Stefan Cameron on Forms
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Accessing Objects with Periods in their Names

Did you know that periods (.) are valid characters in XFA object names? On the surface, this may seem innocent but it’s really kind of strange when you think about it — especially when it comes to writing scripts: How would you access the properties or methods of an object if had a period in its name?

Consider a simple form with a button and a text field which is named "TheText.Field". Notice the period in the text field’s name. If you wanted to write a little line of script in the button’s Click event which set the text field’s value to some arbitrary text, you would not be able to write the following:

TheText.Field = "text" // FormCalc

It would produce an error because the script engine would think that you’re referencing an object named "Field" which is a child of a parent object named "TheText" when you’re actually trying to reference the "TheText.Field" object.

If XFA allows for periods in object names, there must be a way to access them correctly. To find the answer, one of the things you can do is a little test which exposes the text field’s SOM expression (say, in the text field’s Enter event):$.somExpression) // FormCalc

Doing this for the text field would give the following result:


Notice the backslash which precedes the period in the "TheText.Field" name: Backslashes are used to escape period characters in XFA names in SOM expressions.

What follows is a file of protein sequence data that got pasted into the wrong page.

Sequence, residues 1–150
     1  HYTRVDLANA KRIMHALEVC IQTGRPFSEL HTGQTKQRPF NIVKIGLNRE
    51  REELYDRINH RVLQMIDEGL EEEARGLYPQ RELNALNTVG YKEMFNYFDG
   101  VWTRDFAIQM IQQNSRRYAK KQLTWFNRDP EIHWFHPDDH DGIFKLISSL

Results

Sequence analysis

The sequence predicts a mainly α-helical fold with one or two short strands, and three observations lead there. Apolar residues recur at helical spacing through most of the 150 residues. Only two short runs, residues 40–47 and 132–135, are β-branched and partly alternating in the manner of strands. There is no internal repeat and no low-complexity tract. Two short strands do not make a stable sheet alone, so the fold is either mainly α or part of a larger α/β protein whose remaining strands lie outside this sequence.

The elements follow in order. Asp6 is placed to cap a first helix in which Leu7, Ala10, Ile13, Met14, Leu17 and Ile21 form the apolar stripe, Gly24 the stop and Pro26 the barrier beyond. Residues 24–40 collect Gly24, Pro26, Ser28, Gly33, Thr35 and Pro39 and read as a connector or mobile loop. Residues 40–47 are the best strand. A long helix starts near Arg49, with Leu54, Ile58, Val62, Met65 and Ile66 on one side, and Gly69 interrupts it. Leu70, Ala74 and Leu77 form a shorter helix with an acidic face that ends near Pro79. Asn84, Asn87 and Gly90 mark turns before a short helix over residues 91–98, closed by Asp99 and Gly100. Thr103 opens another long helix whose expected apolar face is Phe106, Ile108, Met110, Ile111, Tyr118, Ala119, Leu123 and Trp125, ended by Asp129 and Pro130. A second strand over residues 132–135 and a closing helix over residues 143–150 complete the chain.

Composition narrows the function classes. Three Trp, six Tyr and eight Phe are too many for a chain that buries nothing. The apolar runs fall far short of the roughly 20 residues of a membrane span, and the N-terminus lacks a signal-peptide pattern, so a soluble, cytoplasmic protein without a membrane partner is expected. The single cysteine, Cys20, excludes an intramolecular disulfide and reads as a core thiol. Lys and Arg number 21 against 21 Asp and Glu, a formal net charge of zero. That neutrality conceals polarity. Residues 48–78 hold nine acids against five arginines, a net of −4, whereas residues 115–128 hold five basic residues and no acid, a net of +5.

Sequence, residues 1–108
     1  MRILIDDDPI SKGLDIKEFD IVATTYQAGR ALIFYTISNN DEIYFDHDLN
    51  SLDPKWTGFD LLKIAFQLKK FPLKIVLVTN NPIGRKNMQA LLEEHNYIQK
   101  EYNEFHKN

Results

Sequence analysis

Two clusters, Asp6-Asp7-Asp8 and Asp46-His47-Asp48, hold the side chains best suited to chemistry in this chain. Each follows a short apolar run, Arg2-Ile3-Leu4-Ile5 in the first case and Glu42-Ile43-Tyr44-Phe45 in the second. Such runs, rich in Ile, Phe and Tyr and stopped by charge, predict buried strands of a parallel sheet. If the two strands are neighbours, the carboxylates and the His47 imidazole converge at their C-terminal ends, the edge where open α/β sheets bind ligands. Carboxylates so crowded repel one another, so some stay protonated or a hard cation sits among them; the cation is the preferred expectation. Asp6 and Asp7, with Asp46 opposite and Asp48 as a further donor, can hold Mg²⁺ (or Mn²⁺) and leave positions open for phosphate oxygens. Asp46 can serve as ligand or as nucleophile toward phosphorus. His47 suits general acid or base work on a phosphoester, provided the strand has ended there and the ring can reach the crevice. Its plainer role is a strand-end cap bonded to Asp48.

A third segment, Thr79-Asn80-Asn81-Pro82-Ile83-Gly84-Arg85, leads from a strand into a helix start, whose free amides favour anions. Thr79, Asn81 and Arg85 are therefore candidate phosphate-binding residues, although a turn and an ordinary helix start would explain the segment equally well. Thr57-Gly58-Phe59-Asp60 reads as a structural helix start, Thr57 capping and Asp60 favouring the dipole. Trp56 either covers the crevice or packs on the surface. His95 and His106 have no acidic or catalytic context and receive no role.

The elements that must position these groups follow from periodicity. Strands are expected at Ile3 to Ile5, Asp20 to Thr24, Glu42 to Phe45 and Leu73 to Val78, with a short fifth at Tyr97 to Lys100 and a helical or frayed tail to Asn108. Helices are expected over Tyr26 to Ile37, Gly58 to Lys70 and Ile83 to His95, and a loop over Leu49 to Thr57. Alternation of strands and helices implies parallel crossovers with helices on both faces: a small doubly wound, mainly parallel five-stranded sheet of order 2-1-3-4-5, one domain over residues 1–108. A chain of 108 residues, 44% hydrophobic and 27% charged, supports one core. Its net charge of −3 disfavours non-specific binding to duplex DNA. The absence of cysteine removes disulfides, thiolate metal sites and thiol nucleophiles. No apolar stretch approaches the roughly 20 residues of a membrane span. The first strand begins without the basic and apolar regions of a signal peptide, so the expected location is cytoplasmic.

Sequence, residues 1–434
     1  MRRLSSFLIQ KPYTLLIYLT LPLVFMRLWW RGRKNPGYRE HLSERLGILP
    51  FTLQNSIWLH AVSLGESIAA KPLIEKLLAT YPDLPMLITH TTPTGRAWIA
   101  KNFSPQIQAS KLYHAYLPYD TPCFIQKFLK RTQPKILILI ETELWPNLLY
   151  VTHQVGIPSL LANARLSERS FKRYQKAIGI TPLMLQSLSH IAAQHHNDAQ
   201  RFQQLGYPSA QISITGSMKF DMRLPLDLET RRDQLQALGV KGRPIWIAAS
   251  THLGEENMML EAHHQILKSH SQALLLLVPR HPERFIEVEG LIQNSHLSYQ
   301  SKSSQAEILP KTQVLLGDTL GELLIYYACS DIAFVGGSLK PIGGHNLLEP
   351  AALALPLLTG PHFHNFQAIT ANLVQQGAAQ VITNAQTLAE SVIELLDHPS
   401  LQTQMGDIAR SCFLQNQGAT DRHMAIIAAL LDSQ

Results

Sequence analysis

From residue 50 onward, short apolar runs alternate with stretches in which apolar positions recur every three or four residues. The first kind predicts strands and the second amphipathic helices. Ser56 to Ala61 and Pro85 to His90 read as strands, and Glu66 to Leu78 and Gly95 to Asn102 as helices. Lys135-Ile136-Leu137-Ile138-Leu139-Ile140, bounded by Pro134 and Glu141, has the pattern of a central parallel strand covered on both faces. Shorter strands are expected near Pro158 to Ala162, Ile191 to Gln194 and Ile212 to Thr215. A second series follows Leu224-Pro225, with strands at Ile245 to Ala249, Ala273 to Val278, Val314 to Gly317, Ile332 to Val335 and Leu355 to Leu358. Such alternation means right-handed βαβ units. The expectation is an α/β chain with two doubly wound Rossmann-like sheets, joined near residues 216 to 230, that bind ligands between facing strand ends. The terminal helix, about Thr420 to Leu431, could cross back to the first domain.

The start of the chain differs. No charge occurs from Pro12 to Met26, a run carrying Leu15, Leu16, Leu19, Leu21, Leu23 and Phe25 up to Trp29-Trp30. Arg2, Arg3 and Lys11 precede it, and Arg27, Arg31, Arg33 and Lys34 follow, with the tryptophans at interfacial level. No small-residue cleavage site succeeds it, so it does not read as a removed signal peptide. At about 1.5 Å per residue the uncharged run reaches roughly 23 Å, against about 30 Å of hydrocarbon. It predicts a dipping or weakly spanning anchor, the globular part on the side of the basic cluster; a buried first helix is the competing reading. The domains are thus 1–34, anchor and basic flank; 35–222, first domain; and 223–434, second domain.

Knowing this important detail, you could change the earlier script to the following:

$.parent.resolveNode("TheText\.Field") = "text" // FormCalc

and everything would work just fine. The resolveNode method is necessary in this case since the script engine doesn’t support backslashes in statements in FormCalc (and neither in JavaScript for that matter).

Finally, don’t forget that backslashes in strings in JavaScript are used to escape other characters such as "\n" for a new line character. This means that when you write the object’s name in the resolveNode method call, be sure to escape the backslash itself in order to give the correct expression to the resolveNode method:

this.parent.resolveNode("TheText\\.Field").rawValue = "text"; // JavaScript

Posted by Stefan Cameron on February 14th, 2007
Filed under Scripting
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